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README.md

Twitch WebHook Mirror

A simple web service that forwards Twitch's EventSub events to a websocket.

Why

In the beginning, there was PubSub, a webhook-based method to get notifications from twitch. This is great for people like Streamlabs who run big ol' servers to handle a lot of traffic for a lot of users, but is a pain in the ass for individuals that want to consume these in a self-hosted, freedom respecting manner (as webhooks mean you need to run a server and make it public to the internet so twitch can connect push data whenever - a pain, but doable). Twitch also offers a very handy IRC server, but limits that to chat messages, cheers, and raids (notably, this is missing follow events, which are important for those just starting out).

In their infinite wisdom, twitch saw this was a pain point and added a new system called EventSub, which unlike PubSub that came before it is transport agnostic! No longer will we be shackled to-

wait, no, although they claim the new system is transport agnostic, they only implemented one transport: webhooks.

and they require TLS for webhooks, so you need to also register a domain and reverse proxies and all that fun stuff.

...and they dropped a lot of events, like follows, from PubSub.......

what do!?!?!????!?!

There are two choices: suck it up and pay for a server to get those precious webhook-only events, or suck it up and wait for twitch to add a websocket-or-similar transport for EventSub.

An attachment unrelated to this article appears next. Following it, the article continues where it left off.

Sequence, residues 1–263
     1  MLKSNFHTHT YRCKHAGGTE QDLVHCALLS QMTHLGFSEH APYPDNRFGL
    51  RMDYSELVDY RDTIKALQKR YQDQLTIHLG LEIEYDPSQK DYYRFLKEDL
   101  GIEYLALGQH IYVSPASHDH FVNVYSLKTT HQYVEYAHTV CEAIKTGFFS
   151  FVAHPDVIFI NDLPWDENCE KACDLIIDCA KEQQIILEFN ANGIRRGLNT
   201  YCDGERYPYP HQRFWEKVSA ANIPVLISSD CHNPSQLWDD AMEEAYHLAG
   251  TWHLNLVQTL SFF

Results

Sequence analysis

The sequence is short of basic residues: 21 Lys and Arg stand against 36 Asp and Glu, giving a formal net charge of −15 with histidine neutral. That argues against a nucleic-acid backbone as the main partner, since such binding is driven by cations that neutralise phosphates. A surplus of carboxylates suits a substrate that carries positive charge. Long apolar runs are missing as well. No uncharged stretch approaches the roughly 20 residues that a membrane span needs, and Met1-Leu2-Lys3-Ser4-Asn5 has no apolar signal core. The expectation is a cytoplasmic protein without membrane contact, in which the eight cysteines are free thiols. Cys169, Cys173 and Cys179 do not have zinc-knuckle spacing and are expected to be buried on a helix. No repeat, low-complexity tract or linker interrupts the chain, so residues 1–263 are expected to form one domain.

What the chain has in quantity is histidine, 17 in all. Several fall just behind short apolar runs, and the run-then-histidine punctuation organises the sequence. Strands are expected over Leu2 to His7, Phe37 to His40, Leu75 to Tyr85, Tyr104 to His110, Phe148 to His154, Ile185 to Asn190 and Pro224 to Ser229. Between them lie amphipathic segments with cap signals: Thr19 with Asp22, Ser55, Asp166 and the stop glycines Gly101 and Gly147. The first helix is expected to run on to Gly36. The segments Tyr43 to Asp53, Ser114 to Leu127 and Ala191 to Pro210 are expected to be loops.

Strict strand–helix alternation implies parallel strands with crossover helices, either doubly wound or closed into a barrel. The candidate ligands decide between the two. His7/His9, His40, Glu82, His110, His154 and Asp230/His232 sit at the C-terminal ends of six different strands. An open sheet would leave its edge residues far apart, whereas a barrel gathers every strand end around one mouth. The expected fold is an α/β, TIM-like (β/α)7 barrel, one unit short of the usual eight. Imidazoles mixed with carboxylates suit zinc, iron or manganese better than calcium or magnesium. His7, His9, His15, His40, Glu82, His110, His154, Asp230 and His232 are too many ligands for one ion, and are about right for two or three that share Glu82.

This program is made to facilitate the first, and since not everyone has the technical knowledge nor funds to do such a thing, enables one server to be setup by a kind soul and used by many.

Usage

  1. Connect one or more websockets to /ws/[your_unique_id]

  2. Use the Twitch API to make an EventSub subscription with the callback url /webhook/[your_unique_id]

  3. For every event sent to the webhook, you'll receive JSON containing three fields: an autogenerated id (not the same as the event id!), the EventSub event data, and all of the EventSub headers as headers.

    Of note: since this proxy never knows your secret, you must verify the integrity of the data yourself. See the EventSub docs.

    At this time, this proxy also does protect you from replay attacks - this may change in the future though.

Hosting

To host your own, you will need Redis, Python 3.9, pipenv, a reverse proxy (such as Nginx), and a domain to which you can get a TLS certificate.

  1. Clone this repo

  2. Install dependencies via pipenv sync

    Depending on your system, the wsaccel wheel may not work for you, in which case pipenv will compile it for you. For that, you will also need the Python 3.9 header files (python3-dev or python3-devel for linux folks) as well as gcc.

  3. Adjust the REDIS_URL (and other properties) in config.toml as needed

  4. Run pipenv run gunicorn -k flask_sockets.worker app:app as a non-superuser service (in linux, the way to do that is a systemd service)

  5. Configure your reverse proxy with a TLS certificate (tools such as certbot highly recommended) to point back to this application, making sure to allow websockets (http -> ws upgrade procedure not needed - our library will do that if needed)

    If this seems a little "draw the rest of the owl", it sorta is. Here be the dragons that keeps this out of most peoples reach, this sorta thing isn't something that can be easily explained in a README.